April 09, 2011

Wild "Indians" in Trucksgiving

Educator Debbie Reese discusses Trucksgiving, a children's book about Thanksgiving. Here's a description of it:

Trucksgiving (Trucktown Ready-to-Roll)This simple early reader mixes trucks and Thanksgiving. "Many years ago," starts the story, "the first trucks came to Trucktown." They worked hard, founded Trucktown, and then had the most difficult task of all: figuring out the best way to celebrate their achievements.Reese notes Big Rig and Monster Truck Max, the two trucks portraying Indians:

A reader writes to me about Jon Scieszka's TRUCKSGIVINGBig Rig is a bully. He's a tailgating, horn blasting, black exhaust spewing, license expired, outlaw. And those might be the nicest things you could say about him. The best thing to do with this guy is steer clear.

Max is everything you would expect a monster truck to be. Especially ACTIVE! He is oversized, jacked up, and nitro-boosted to the MAX! He's always getting his wild self into trouble and it's a good thing he's got friends like Jack and Dan to help him along the way.
Reese wonders what the book's message is:Scieszka's language play is troubling, and the story itself doesn't quite make sense to me. The trucks want to do something to say thanks to all the trucks who helped build Trucktown. The two Indian characters object to ideas put forth. Why? I'm stretching to say that maybe these two "Indian" characters are making a statement about the entire idea of Thanksgiving and how it is observed in the United States.(Excerpted from Debbie Reese's American Indians in Children's Literature, 4/4/11.)

Comment:  Reese seems to think the "Indian" trucks are some sort of proto-AIM activists. They're taking a principled stand against the first Thanksgiving. Disrupting it because they know it's a harbinger of the European invasions to come.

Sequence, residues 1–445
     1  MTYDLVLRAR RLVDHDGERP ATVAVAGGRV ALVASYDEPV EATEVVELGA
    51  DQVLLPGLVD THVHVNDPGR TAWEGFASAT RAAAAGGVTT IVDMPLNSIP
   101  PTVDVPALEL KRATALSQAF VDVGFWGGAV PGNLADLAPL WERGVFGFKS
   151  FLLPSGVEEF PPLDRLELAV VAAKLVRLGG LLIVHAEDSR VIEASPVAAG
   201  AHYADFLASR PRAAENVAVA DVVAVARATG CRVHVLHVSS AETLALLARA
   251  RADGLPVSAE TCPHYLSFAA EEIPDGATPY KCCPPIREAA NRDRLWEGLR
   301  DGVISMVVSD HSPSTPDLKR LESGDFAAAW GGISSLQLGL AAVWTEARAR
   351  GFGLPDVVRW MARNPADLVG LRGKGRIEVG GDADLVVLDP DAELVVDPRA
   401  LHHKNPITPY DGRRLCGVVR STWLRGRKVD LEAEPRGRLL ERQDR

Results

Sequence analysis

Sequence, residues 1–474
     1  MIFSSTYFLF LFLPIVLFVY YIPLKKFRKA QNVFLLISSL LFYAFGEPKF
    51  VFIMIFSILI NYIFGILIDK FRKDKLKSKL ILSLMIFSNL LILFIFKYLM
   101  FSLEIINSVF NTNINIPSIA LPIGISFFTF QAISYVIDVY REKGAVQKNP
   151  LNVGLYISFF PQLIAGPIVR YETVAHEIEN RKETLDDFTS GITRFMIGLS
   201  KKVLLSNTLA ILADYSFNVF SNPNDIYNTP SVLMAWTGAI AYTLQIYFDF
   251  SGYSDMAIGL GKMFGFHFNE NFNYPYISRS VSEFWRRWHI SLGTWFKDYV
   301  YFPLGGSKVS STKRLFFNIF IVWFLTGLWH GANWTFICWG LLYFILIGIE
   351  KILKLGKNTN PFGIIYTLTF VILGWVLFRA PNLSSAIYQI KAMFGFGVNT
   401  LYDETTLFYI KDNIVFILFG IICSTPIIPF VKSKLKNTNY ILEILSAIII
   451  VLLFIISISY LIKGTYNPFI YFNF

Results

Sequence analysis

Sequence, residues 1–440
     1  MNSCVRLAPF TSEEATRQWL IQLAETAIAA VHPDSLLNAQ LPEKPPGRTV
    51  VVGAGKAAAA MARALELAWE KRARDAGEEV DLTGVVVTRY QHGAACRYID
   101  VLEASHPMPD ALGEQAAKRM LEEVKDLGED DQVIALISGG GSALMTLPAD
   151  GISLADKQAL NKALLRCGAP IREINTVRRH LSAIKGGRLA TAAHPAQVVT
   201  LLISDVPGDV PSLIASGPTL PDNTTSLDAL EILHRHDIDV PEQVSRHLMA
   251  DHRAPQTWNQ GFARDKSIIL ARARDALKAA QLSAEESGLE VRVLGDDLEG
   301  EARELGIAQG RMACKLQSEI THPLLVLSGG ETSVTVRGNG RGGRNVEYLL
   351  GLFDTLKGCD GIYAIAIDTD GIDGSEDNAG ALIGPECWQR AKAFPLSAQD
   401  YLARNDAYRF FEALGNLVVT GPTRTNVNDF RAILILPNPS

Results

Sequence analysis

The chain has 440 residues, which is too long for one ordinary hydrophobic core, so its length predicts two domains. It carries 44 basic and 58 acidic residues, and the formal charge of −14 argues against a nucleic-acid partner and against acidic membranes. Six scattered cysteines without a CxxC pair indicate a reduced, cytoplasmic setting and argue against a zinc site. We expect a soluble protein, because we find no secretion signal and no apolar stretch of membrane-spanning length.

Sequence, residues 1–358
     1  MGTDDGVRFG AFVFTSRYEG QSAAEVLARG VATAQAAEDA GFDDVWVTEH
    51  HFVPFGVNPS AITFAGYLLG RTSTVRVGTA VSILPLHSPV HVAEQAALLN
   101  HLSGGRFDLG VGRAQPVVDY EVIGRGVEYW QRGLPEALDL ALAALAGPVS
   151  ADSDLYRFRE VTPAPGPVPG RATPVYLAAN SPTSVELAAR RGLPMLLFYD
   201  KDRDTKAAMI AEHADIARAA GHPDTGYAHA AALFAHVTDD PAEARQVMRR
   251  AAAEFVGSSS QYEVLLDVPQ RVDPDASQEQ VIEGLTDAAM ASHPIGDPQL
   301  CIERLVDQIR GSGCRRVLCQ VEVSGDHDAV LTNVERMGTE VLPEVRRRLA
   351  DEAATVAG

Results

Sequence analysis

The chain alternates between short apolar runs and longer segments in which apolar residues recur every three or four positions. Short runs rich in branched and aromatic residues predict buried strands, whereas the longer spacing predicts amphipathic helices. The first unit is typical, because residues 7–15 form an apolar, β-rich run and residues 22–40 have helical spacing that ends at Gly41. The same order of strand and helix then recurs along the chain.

Maybe, but why would Trucksgiving portray the "Indians" as wild men and outlaws? You don't have to be nasty or "nitro-boosted" to protest injustice. Look at Jesus, Gandhi, King, or Mandela. They acted as thoughtful men of peace, not as angry hooligans.

Trucksgiving promotes American myth

Without having read Trucksgiving, I'd suggest a different interpretation. The book seems to recapitulate the standard US mythology. The Pilgrims came to America to "do good." The first Thanksgiving was their way of thanking God for giving them a new home. With all the land and resources and potential slaves they needed.

The Indians didn't organize the feast as one of their traditional harvest celebrations. Rather, they were a minor factor at the white Christian event. They disrupted it because they were primitive, savage, wild--not capable of acting civilized. Like undisciplined brats, they threw a tantrum.

This is the traditional version of US history in miniature. Good Europeans brought civilization to the untamed wilderness. Bad Indians opposed them. Eventually the forces of God and light defeated those of superstition and darkness.

In other words, the Euro-Christian adults punished the unruly savage "children" for being uncooperative. The Indians got what they deserved for not doing as they were told. Instead of giving away sharing their land, they selfishly tried to keep it.

For more on the subject, see Teabaggers Lie About Thanksgiving and How Thanksgiving Went National.

No comments: